Eric Blair (aka George Orwell, third from left, and tallest, in back row) during his youthful service with the Imperial Police in Burma (aka Myanmar today). His father was an imperial bureaucrat in India.

It was at any rate in this frame of mind that I was briefly pleasantly surprised when I read an email from the Independent a few days ago.

Suddenly I thought : now that’s the kind of UK political writing (and talking and so on) that I used to admire, as a Canadian educated locally when the last strong scent of the sometimes slightly noble (if also realistic and cynical) global political culture of the half-liberal empire on which the sun never dared to set (until 1950, say?) was still vaguely in the air.

I hope it won’t be too impolite to quote the entire Independent note that caught my attention. It was dated July 18, 2023 and in the general series, “The View from Westminster.” It was masterfully composed in three admirably short paragraphs by John Rentoul/Chief Political Commentator, and entitled “Tony Blair, prophet in his own land again.” The text read :

John Rentoul

The rehabilitation of Tony Blair continues. For a long time after he stepped down as prime minister, his name was mud. The rebalancing of his reputation started in 2016, when he was the most articulate exponent of the pro-EU case.

Since then, he and his institute have built their reputation as the source of smart policies for government and opposition alike, notably “first doses first” during the vaccine programme.

Today, Blair is the only person who could bring Ben Wallace, the defence secretary [in Rishi Sunak’s Conservative government], and Keir Starmer [current UK Labour Party leader] together in the same space, at his Future of Britain conference. From prophet cast out of his own land to the glue at the centre of politics, Blair is back in his rightful place at the heart of the British public conversation.”

Meanwhile, back at The Economist

Former Labour PM Tony Blair [left] and current Labour leader Keir Starmer at the Future of Britain Conference in London, July 18, 2023. (PA).

We do have a “Canadian public conversation” going on as well of course — in an increasingly wide variety of media open to various public realms in yet another increasingly divided society — or federation of several regional societies and/or provinces and territories.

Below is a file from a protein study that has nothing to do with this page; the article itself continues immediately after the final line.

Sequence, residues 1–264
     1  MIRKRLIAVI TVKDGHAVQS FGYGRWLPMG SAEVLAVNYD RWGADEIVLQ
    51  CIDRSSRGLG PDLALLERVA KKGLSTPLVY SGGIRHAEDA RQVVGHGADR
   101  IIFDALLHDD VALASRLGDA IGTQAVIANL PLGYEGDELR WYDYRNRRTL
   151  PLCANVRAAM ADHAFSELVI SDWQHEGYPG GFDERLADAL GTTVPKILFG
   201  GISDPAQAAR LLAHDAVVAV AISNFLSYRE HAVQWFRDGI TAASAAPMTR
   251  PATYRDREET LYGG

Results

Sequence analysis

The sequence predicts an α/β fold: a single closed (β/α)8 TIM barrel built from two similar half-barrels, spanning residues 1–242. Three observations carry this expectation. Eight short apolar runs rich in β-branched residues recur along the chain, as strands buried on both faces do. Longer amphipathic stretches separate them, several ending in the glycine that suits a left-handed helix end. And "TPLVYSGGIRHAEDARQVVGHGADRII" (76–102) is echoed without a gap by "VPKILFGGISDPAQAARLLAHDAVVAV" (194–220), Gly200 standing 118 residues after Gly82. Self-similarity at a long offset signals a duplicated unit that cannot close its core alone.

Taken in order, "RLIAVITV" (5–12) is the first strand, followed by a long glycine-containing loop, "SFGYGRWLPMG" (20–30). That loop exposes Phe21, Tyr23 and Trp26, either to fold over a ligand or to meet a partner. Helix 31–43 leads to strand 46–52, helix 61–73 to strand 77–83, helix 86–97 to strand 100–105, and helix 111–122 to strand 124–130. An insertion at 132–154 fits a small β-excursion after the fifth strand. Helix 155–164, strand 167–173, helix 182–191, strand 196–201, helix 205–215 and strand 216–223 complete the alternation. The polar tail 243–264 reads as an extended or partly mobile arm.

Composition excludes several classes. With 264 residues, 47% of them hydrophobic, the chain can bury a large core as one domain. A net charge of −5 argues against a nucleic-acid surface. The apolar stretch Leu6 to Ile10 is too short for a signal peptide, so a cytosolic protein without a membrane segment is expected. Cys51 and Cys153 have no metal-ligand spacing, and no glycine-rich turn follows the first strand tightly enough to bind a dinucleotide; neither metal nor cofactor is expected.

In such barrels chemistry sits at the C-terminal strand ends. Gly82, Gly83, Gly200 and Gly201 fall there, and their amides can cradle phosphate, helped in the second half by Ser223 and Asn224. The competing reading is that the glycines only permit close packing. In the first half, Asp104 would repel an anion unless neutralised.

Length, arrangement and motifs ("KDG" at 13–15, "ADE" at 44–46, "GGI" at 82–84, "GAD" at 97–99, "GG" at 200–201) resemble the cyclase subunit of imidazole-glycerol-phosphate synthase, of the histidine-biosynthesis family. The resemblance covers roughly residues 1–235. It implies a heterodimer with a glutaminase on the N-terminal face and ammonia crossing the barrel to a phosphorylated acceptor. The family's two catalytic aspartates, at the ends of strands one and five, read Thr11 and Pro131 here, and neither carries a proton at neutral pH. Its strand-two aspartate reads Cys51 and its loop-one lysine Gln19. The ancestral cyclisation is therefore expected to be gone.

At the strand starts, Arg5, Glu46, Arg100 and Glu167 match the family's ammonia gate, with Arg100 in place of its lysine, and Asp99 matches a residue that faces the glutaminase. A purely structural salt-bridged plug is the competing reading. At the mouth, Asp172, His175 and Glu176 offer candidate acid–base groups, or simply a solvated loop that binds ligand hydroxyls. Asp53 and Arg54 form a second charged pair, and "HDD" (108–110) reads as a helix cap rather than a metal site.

But we seldom talk about such a thing. It may sound somewhat too high-minded, too much derived from the world of landed aristocrats who never had to worry about earning a living, and could afford to be high-minded about anything (and even then were not often enough, of course.)

And yet again, what at least strikes me as the virtues of this John Rentoul Independent account of the current Tony Blair revival in the UK were driven home by the quite different July 20 report on the Future of Britain conference after the fact in The Economist :

The Lord Elgin Hotel at night in the Ottawa late winter, with a little snow still on the ground.

Sir Tony Blair is now 70 years old. It is 29 years since he became Labour leader, and 16 since he left Downing Street. And yet still he puts on the slickest, most dazzling show in British politics. The Future of Britain conference, hosted by his Institute for Global Change in London on July 18th, had the aesthetics of an Apple launch and the speaker list of Davos. The audience mixed ageing New Labour ministers with the cream of parliamentary candidates for 2024 (the very bright and very loyal) for whom Sir Tony was their childhood. The event offered a relentlessly optimistic vision of a modernising Britain, fuelled by hope and technology.”

I am no great fan of the Tony Blair Institute for Global Change myself. And the Economist report did remind me of former UK Labour PM Harold Wilson and the “white heat of technology,” 1964–1970, 1974–1976 long ago. Yet even today what is wrong with “a modernising Britain, fuelled by hope and technology”? Then I discovered a somewhat different parallel event to Future of Britain held more than once by The Obama Foundation. (See The Obama Foundation Democracy Forum.) And at this point I realized that I have already been talking far too long!